Freedom to Read? Part Two: Walters Calls for Removal of LGBTQ+ Books
By Brendan Hoover
Editor’s note: This article is the second in a series about State Superintendent Ryan Walters and the erosion of intellectual freedom in Oklahoma’s public-school libraries. Since taking office, Walters has called on lawmakers to remove books from school libraries, instituted book-banning rules, shunned the American Library Association, and recommended deregulating over 200 districts from state library staffing standards.
January 17, 2024
In April 2023, just three months into his administration, State Superintendent Ryan Walters sent Oklahoma legislators a letter about two books he called “pornographic” found in Oklahoma public schools.
The first title was Flamer by Mike Curato, a semi-autobiographical graphic novel set in 1995 in a Boy Scouts summer camp. In an NPR review of Flamer, Juanita Giles writes that the graphic novel centers on fourteen-year-old Aiden, a “Filipino American boy with body issues, who’s also a Boy Scout, Catholic, and coming to terms with the fact that he is gay.” The book does not minimize the struggle and angst that teenage boys—gay, straight, or otherwise—endure during their formative years, Giles writes. “Mike Curato does right by every kid or adult who has ever had those moments.”
The second title was “Gender Queer: A Memoir” by Maia Kobabe, a graphic memoir about the author’s sexual coming of age as nonbinary. The New York Times asked Jonathan Friedman, director of free expression and education at PEN America, a New York City-based nonprofit that champions intellectual freedom, about the controversy surrounding the book. “Gender Queer ends up at the center of this because it is a graphic novel, and because it is dealing with sexuality at the time when that’s become taboo,” said Friedman. “There’s definitely an element of anti LGBTQ+ backlash.”
In a 2021 interview with NBC News, Kobabe acknowledged that while some of Gender Queer’s images may not be appropriate for elementary school readers, the book’s candid situations are “integral” to showing readers what it’s like to grow up as someone who is not cisgender nor heterosexual. “It’s very hard to hear people say, ‘This book is not appropriate to young people’ when it’s like, I was a young person for whom this book would have been not only appropriate, but so, so necessary,” Kobabe said.
Walters said Flamer was found in Tulsa, Owasso, and Bixby district libraries, and he claimed Gender Queer was found on Tulsa Public Schools library shelves. The nonprofit media outlet The Frontier fact checked Walters’ claims and found them to be true, reporting that Owasso, Oklahoma City, and Tulsa districts had removed the titles from their libraries. In Walters’ letter to legislators, he listed four other books “in the marketplace to monitor.” According to The Frontier, none of those books contained explicit sexual imagery or descriptions but have gay, transgender, or nonbinary protagonists.
Kirkpatrick Policy Group submitted an open records request to OSDE on December 7, seeking the total number of parental complaints filed in Oklahoma public-school districts concerning the “prohibition on pornographic materials or sexualized content.” The request also asked what schools any alleged violations occurred in, which specific book titles were complained about, and any action taken by OSDE regarding these complaints. At the time of this article’s publication, the request was unfulfilled.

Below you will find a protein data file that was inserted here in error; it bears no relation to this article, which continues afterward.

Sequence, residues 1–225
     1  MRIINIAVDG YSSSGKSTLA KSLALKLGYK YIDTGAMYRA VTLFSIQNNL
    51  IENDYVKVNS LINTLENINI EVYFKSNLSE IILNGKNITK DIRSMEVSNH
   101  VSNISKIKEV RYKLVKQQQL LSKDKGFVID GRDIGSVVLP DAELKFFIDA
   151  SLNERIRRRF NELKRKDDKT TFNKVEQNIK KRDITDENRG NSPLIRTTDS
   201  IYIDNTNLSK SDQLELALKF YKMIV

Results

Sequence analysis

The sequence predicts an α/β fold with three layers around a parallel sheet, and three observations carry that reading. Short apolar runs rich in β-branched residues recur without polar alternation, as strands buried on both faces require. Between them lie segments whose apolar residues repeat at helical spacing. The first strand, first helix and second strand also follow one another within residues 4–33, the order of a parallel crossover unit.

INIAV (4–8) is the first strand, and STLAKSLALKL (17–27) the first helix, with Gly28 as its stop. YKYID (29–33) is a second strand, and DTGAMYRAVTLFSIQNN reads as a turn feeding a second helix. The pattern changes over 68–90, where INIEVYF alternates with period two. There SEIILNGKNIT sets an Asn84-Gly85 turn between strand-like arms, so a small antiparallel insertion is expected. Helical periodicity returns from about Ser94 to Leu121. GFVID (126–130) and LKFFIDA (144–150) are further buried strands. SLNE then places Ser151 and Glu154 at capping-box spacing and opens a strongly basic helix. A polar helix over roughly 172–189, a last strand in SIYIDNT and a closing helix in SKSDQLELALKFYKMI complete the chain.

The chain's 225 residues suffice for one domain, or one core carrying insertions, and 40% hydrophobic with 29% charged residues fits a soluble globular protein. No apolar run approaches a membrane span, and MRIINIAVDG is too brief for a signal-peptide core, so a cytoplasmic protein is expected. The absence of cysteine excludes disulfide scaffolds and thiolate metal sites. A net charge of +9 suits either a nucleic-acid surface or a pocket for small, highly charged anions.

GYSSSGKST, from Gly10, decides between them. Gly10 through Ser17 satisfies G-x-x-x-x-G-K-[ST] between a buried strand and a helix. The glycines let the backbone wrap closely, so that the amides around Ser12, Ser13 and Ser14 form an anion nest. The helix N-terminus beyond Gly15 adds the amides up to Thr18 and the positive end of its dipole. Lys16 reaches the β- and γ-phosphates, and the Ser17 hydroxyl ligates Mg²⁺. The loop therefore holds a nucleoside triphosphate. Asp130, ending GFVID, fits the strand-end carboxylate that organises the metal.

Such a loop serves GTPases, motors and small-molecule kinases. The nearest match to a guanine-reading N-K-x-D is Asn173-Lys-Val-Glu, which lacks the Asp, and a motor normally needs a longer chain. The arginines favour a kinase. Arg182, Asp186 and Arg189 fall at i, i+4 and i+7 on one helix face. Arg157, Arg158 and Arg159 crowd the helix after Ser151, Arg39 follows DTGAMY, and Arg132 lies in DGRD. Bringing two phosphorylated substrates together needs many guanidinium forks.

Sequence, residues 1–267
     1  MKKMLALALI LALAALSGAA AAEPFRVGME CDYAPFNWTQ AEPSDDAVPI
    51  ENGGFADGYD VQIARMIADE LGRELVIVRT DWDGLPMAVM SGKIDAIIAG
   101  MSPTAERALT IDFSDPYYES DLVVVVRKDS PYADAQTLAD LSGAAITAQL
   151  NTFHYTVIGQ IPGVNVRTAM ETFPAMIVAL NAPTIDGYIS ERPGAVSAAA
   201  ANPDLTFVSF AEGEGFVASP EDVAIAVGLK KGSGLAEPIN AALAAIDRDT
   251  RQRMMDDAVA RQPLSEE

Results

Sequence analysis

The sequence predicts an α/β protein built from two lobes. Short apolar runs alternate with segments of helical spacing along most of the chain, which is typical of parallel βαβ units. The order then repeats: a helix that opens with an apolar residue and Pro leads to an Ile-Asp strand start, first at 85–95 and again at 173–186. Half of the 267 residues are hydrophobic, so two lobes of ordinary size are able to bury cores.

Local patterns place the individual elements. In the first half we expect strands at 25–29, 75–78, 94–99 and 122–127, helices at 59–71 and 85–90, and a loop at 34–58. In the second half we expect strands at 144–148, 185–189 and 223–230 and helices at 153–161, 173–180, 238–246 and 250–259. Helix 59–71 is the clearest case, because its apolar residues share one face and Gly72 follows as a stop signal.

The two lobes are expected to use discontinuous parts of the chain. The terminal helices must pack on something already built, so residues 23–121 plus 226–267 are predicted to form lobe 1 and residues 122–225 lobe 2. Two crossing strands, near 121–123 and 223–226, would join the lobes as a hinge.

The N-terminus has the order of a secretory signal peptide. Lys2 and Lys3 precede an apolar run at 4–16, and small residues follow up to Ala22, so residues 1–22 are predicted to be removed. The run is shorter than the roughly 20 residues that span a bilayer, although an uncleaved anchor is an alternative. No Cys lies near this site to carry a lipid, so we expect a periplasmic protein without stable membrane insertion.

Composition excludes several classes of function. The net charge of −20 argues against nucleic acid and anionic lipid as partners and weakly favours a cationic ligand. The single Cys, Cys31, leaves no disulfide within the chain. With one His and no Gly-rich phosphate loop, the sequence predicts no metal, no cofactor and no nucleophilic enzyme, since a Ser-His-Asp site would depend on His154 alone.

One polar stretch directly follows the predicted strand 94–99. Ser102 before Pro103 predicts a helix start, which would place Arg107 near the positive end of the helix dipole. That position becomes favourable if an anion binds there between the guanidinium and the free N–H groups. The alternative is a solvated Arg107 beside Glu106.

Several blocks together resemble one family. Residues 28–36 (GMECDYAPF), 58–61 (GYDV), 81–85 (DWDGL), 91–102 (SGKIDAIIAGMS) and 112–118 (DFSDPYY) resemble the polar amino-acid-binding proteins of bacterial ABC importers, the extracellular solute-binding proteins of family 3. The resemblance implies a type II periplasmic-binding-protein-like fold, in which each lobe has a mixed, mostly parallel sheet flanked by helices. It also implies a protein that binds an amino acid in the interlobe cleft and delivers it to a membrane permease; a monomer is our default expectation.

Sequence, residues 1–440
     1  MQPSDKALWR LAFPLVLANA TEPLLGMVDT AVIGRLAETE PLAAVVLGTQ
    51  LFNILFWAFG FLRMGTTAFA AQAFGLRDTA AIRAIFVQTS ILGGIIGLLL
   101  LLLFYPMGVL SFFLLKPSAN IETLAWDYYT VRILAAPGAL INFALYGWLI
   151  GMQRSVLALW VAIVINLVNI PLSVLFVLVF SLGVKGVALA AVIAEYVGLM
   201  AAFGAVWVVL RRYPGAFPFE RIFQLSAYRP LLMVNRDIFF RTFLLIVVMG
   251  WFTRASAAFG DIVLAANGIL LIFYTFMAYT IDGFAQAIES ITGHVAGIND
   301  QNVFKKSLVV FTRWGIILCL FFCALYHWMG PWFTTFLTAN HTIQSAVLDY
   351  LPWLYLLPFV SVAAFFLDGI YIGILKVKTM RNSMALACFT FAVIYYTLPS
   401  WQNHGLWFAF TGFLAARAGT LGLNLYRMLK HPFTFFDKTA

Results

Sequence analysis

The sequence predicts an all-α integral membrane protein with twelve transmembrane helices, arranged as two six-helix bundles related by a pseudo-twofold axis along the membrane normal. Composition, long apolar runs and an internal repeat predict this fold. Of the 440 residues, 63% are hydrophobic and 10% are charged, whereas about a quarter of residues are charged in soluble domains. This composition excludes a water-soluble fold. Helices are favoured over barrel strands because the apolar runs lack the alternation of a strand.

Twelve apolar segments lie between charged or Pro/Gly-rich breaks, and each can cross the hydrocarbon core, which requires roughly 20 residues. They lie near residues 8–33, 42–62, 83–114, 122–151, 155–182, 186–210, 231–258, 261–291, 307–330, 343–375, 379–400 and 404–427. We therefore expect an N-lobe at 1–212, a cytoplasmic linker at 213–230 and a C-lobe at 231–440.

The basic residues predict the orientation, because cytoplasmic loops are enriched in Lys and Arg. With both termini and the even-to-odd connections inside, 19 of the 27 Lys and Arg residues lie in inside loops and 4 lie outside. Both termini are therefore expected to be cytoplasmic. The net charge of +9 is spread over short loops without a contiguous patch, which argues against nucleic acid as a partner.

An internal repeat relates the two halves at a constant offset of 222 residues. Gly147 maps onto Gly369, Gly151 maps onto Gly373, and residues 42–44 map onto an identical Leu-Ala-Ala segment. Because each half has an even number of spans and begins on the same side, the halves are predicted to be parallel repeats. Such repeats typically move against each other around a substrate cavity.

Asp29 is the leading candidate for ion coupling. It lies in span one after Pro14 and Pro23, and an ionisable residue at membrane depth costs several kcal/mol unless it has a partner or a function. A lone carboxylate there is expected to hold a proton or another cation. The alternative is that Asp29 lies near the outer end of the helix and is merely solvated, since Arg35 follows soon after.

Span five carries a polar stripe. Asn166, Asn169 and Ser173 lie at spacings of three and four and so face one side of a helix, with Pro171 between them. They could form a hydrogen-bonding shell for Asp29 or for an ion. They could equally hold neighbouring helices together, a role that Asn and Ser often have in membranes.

Back in April, Walters also provided lawmakers with a list of over 190 books with gay themes that he said should not be allowed in Oklahoma public schools. The Rainbow Book List, complied annually by the American Library Association, represents an effort to “identify appealing and high-quality queer books” that support LGBTQ+ young people and their families. The 2023 list, comprised of books published between July 1, 2021, and December 31, 2022, is categorized by age group. The list includes “Top Ten Titles for Young Readers,” for children from birth to middle school, and “Top Ten Titles for Teen Readers,” for a young adult audience, according to the list’s introduction. In a blogpost on its website, the ALA said, “the suppression of these books is a detriment to all youth, and we cannot ignore the damage these challenges are having on the young people in our society.”
The Trevor Project, a suicide prevention and crisis intervention nonprofit for LGBTQ+ youth, conducts an annual national survey on the mental health of LGBTQ+ young people. Its 2023 survey received feedback from more than 28,000 queer youth ages thirteen to twenty-four. According to its report, 41 percent of respondents said they “seriously considered attempting suicide in the past year,” and young people who are transgender, nonbinary, and queer youth of color reported even higher rates. Among respondents, 14 percent of LGBTQ+ young people attempted suicide in the past year. Attempted suicide rates were lower among LGBTQ+ young people who had access to affirming homes, schools, community events, and online spaces, according to the report.
How can Oklahoma public schools better support LGBTQ+ students? It’s a question that Walters doesn’t seem to want to answer. If fact, he appears to be pushing state public-school libraries in the opposite direction, as Part Three of this series will show.
Kirkpatrick Policy Group is a non-partisan, independent, 501(c)(4) nonprofit organization established in 2017 to identify, support, and advocate for positions on issues affecting all Oklahomans, including concern for the arts and arts education, animals, women’s reproductive health, and protecting the state’s initiative and referendum process. Improving the quality of life for Oklahomans is KPG’s primary vision, seeking to accomplish this through its values of collaboration, respect, education, and stewardship.